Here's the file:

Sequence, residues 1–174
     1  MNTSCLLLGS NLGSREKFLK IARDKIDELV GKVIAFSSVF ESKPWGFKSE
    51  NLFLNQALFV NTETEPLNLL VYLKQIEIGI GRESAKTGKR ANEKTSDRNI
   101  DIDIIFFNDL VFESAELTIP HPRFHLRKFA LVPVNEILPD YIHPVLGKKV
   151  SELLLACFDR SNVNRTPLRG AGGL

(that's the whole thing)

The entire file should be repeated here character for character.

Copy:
Sequence, residues 1–174
     1  MNTSCLLLGS NLGSREKFLK IARDKIDELV GKVIAFSSVF ESKPWGFKSE
    51  NLFLNQALFV NTETEPLNLL VYLKQIEIGI GRESAKTGKR ANEKTSDRNI
   101  DIDIIFFNDL VFESAELTIP HPRFHLRKFA LVPVNEILPD YIHPVLGKKV
   151  SELLLACFDR SNVNRTPLRG AGGL